Just a little over a month ago, the majority of asset management companies questioned for the EIE Manager Sentiment Survey still thought US equities would return at least 5% in local currency terms in the next 12 months. In February, sentiment suddenly dropped into neutral territory (below 25 points), meaning the consensus view is now that they will return between -5% and +5%. US small cap sentiment even fell turned negative, for the first time since December 2011.
By contrast, European equity sentiment soared to 80, the highest score ever recorded. The previous high was 78 points, recorded in August 2007. Indeed, that was just before news about dodgy mortgage-backed securities from the US started to unsettle equity markets… Also when it comes to European equities, asset manager are catching up with a trend set by fund selectors, who have been buoyant about the asset class for a couple of months.
Of course, they are all triggered by the same thing, Q€, which they expect to benefit equity markets. Interestingly, European equity fund manager sentiment has now surpassed its equivalent for Japanese equities for the first time since autumn 2012. The latter figure has been suspiciously high ever since QE was launched in Japan a couple of years ago, partly because as a side effect it led to a depreciation of the currency. While the Nikkei 225 index has more than doubled in value in yen terms since 2012, gains for foreign investors have been much smaller.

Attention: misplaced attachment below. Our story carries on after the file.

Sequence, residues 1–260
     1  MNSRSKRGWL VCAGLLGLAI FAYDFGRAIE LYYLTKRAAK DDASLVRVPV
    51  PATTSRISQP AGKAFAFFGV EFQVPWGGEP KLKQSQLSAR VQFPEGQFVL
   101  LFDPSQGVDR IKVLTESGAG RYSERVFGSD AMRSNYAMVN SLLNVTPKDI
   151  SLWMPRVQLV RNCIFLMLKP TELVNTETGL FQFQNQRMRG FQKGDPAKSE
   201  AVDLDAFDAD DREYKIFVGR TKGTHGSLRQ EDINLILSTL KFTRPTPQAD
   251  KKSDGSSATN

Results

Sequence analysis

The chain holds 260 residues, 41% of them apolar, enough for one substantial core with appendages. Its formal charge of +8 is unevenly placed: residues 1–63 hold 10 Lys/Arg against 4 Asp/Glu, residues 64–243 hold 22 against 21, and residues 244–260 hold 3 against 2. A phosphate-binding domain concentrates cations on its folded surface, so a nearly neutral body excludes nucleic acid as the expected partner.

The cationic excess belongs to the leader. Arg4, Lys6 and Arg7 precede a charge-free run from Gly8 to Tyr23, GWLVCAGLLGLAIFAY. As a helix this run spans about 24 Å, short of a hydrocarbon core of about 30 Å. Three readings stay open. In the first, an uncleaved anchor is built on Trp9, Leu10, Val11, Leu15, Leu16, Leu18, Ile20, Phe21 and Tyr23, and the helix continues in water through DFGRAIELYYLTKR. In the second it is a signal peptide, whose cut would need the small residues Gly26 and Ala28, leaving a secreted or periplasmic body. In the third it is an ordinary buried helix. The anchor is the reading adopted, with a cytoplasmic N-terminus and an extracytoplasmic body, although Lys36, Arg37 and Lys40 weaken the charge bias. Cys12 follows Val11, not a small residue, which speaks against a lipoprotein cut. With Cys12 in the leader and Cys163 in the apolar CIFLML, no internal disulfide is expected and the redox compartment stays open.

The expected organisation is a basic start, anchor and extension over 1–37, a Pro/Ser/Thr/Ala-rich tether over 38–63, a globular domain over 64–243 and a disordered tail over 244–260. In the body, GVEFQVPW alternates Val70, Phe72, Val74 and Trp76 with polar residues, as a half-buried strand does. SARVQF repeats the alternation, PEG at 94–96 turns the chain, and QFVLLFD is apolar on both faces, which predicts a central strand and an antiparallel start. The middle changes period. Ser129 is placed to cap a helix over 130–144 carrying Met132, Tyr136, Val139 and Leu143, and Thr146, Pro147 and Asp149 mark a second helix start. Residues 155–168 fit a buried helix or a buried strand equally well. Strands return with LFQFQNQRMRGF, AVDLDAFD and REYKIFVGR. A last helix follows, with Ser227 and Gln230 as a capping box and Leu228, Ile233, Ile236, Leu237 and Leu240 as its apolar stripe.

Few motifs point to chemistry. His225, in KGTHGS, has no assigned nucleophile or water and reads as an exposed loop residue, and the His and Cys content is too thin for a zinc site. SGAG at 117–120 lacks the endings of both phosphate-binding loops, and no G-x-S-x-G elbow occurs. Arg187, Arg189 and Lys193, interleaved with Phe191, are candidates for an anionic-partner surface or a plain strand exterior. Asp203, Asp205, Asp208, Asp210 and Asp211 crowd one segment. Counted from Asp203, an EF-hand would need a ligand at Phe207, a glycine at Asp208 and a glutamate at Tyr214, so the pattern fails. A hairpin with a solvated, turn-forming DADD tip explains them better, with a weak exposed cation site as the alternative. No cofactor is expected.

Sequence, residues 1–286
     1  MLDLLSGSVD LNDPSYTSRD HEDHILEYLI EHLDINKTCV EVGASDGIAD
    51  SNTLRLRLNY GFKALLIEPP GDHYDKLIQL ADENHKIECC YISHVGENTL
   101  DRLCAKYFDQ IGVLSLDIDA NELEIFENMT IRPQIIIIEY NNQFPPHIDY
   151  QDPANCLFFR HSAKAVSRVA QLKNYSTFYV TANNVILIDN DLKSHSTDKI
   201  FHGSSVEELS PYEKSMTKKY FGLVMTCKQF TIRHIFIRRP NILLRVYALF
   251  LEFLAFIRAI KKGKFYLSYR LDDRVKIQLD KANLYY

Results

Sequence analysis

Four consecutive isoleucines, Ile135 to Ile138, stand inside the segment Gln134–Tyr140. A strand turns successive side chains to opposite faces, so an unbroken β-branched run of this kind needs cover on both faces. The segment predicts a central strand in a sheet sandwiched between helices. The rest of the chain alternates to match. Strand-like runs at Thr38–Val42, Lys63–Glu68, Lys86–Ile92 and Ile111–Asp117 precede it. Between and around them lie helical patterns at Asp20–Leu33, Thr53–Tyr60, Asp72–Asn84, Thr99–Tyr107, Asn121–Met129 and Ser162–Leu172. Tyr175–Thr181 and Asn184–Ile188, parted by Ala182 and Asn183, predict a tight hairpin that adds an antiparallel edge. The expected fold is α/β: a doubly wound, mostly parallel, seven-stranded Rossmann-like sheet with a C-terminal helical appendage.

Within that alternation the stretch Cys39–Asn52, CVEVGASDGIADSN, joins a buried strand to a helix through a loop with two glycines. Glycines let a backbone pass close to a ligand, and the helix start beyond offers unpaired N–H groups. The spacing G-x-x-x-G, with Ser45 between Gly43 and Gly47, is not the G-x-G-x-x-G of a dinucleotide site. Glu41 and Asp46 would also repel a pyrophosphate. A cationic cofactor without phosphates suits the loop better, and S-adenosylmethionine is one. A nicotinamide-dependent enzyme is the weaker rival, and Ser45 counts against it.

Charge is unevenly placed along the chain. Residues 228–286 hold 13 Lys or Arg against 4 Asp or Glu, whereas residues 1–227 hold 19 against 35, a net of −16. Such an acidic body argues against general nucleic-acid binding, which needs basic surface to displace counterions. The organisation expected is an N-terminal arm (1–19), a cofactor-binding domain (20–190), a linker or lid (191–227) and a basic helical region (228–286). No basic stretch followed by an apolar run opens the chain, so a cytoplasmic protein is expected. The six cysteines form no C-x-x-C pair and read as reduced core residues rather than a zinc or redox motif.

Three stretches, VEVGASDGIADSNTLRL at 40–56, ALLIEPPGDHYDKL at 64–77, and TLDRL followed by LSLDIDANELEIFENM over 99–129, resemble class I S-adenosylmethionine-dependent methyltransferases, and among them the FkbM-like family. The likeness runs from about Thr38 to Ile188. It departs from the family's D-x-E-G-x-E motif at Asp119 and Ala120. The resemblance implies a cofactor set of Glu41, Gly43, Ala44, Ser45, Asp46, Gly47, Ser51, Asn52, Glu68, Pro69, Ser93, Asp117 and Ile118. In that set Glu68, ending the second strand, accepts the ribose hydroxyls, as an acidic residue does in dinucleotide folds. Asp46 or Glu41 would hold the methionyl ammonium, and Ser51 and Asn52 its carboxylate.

Is history repeating itself? Well, for dollar-based investors this is certainly the case. As the graph above shows, American investors in the EUR Stoxx 50 index would have lost money during the past year if they hadn’t hedged their currency exposure, while euro-based investors would have made a profit of almost 20%.
Still, European fund selector sentiment could very well stay at its current high for a while. Though the euro has been following pretty much the same devaluation path as the yen did in 2013, it is indeed the base currency of most European investors.